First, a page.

Wednesday, April 17, 2013

classic BD-ism: Since genetics is today's topic - genes for criminality -- Why IQ-75'z are disproportionately in prison...???

theprovince | This is thought to be the first time that scientists have analyzed the genetic blueprint of a “spree killer”, but it’s far from the first attempt to examine a murderer’s biology. In 1931, the brain of the “Vampire of Dusseldorf”, Peter Kurten, a serial killer, was removed from his corpse after his execution for examination, although no useful conclusions were published. Today, it is displayed in Ripley’s Believe It Or Not! Museum in Wisconsin.

Over the past decade, Dr. Kent Kiehl, a neuroscientist at the University of New Mexico, has visited eight high-security prisons in two US states with a mobile MRI unit, scanning the brains of criminals to see if those defined as psychopaths have different brain structures from “someone who commits a robbery out of poverty”, as Kiehl puts it.

Kiehl’s and others’ research has found that psychopaths’ brains tend to have very low levels of density in the paralimbic system, the area of the brain associated with the processing of emotion, something that may be genetically determined. The result is that psychopaths tend to have impulsive personalities and show little evidence of feeling guilt, remorse or empathy.

In contrast, “spree killers” tend to be extremely depressed, to the point of suffering from a delusional psychosis accompanied by voices or hallucinations, or — as in Lanza’s case — to be young people with physiologically immature brains, who in their state of ultra-sensitivity decide to exact “revenge” on the world for perceived injustices.

Recent years have seen huge advancements in DNA research, with researchers now able to identify specific genes that are linked to anti-social or aggressive behaviour, in particular the MAO-A gene (nicknamed “the warrior gene”), which appears to be hereditary.

A study of Danish twins concluded that a Danish man who has an identical twin with a criminal record is about 50 per cent more likely to have been in prison himself than the average Danish male. Non-identical twins are between 15 and 30 per cent more likely to both have criminal records. Similarly, adoption studies around the world have shown that a child of criminal parents is more likely to become a criminal, even if the adoptive parents are law-abiding.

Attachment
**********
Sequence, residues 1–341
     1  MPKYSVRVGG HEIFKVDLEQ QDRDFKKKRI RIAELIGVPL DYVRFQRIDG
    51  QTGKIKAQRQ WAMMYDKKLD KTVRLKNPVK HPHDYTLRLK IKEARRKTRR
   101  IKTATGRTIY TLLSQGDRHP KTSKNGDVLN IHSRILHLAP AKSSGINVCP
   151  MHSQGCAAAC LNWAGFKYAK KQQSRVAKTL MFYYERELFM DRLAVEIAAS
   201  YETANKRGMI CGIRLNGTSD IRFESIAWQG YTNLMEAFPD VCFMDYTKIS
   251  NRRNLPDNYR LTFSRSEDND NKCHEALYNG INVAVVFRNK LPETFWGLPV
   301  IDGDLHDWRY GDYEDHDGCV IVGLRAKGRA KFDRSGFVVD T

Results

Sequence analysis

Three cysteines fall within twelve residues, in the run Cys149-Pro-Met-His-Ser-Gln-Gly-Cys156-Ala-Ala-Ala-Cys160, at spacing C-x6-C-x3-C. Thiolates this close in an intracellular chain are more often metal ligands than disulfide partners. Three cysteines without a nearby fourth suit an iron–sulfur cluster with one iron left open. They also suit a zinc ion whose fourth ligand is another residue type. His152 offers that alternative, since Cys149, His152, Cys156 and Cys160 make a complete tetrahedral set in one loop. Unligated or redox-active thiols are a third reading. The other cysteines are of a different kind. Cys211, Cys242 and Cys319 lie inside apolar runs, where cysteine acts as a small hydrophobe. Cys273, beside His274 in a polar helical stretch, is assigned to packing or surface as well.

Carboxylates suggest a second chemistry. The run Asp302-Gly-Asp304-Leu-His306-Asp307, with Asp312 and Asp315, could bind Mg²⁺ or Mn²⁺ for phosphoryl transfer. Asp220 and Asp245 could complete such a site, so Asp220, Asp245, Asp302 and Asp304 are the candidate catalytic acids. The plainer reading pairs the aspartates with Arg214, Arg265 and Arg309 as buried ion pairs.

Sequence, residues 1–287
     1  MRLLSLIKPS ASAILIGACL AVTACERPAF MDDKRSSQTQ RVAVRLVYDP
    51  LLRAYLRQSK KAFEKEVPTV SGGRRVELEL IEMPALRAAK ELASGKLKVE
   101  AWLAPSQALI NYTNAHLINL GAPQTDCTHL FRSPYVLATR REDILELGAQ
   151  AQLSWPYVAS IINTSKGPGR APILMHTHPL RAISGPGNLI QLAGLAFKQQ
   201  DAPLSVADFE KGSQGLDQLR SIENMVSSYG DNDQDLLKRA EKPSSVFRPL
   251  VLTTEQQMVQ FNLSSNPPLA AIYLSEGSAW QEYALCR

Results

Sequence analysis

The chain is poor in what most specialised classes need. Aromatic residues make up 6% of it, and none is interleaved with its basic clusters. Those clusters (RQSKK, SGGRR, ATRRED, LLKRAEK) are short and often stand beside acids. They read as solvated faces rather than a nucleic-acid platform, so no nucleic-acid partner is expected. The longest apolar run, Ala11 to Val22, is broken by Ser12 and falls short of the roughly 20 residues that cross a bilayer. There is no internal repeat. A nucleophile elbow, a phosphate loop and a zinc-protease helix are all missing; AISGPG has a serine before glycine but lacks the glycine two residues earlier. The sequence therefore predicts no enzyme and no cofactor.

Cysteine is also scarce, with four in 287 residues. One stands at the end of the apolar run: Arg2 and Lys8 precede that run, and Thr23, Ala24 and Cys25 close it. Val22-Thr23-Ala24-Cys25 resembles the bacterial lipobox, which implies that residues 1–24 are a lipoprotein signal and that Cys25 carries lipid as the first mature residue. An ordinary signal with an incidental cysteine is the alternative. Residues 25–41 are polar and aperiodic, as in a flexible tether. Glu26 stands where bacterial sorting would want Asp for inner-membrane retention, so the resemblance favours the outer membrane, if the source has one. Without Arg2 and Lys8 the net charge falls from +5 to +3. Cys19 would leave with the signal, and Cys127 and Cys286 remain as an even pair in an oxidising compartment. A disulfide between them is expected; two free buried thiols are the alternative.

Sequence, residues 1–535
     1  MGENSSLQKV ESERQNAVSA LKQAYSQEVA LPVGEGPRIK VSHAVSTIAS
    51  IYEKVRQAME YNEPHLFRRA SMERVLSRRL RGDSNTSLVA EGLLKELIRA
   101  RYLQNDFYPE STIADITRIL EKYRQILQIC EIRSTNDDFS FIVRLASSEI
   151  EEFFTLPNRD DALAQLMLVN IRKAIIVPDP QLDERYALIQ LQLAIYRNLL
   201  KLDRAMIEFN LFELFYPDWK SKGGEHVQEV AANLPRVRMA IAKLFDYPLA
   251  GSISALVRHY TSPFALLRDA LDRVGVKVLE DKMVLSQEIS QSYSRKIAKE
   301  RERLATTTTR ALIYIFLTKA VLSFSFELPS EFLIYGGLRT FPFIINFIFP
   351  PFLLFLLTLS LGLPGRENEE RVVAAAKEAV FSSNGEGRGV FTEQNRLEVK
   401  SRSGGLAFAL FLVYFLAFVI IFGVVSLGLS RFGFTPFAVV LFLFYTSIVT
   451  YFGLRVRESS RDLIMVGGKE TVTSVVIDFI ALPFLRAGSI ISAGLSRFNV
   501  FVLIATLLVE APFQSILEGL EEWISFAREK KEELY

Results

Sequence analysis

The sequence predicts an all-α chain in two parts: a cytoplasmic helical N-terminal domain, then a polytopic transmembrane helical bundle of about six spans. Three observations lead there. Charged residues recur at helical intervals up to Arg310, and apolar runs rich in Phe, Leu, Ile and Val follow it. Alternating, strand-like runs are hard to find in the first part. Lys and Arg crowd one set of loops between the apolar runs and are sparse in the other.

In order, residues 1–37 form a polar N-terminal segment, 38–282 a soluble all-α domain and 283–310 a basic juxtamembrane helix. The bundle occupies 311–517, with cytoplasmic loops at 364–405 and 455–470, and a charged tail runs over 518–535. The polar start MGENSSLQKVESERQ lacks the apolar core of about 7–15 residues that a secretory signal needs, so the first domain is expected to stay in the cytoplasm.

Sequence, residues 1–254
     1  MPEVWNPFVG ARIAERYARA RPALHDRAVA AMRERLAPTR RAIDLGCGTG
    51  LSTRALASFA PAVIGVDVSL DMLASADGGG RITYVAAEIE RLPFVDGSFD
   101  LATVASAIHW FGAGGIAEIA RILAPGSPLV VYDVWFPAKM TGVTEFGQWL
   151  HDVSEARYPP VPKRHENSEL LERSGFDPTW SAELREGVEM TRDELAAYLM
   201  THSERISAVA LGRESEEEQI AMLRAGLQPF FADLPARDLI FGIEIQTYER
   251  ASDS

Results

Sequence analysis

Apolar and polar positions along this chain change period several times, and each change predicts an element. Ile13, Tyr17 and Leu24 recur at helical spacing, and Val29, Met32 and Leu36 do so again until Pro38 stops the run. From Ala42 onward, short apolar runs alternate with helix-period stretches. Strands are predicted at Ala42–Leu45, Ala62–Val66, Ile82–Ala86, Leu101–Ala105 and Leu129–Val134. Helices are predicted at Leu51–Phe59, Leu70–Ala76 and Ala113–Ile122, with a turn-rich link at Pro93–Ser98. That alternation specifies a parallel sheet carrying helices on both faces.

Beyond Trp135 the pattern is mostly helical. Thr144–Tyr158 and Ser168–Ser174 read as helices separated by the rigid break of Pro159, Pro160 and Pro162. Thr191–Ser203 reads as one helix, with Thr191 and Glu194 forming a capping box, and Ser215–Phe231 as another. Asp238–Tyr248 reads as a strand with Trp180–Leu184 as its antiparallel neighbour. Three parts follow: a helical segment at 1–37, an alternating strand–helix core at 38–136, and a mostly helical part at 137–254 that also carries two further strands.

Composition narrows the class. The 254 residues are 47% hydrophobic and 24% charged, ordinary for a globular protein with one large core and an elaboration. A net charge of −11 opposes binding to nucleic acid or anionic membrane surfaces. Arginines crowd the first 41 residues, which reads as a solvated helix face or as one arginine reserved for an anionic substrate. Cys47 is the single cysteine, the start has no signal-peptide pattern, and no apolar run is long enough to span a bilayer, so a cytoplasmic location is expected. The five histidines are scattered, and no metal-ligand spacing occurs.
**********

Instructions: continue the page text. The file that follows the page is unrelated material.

Irving Gottesman, a psychologist at the University of Virginia who has worked on the Danish twin study, believes the results show that “criminals are not born, but the odds at the moment of birth of becoming one are not even”.

But so controversial are the links between biology and violence that only the bravest scientists have dared tackle it.

“There are many political objections and that means there’s not been enough research into the area,” says Kiehl.


John Kurman said...

My guess is if they slice up Lloyd Blankfein's, Jamie Dimon's, Hank Greenberg's, or Brian T. Moynihan's heads, they'll find similar similar low levels of density.

John Kurman said...

Speaking of genetics, FYI, Life is 9.7 billion years old:

CNu said...

really no telling how old those mycelial farmers in the fields of stars are..., cause when they go spore and traverse those interstellar vastnesses, I don't think there's much combinatorial explosion taking place in transit - my point being, that maybe with puntuations, it's really a whole lot older than that even.

John Kurman said...

My highly informal unscientific study (assuming water-mediated, carbon-based life) yielded 11.4 billion years old within our particle horizon (assuming the cosmos is only 13.7 bil, may be much, much older).

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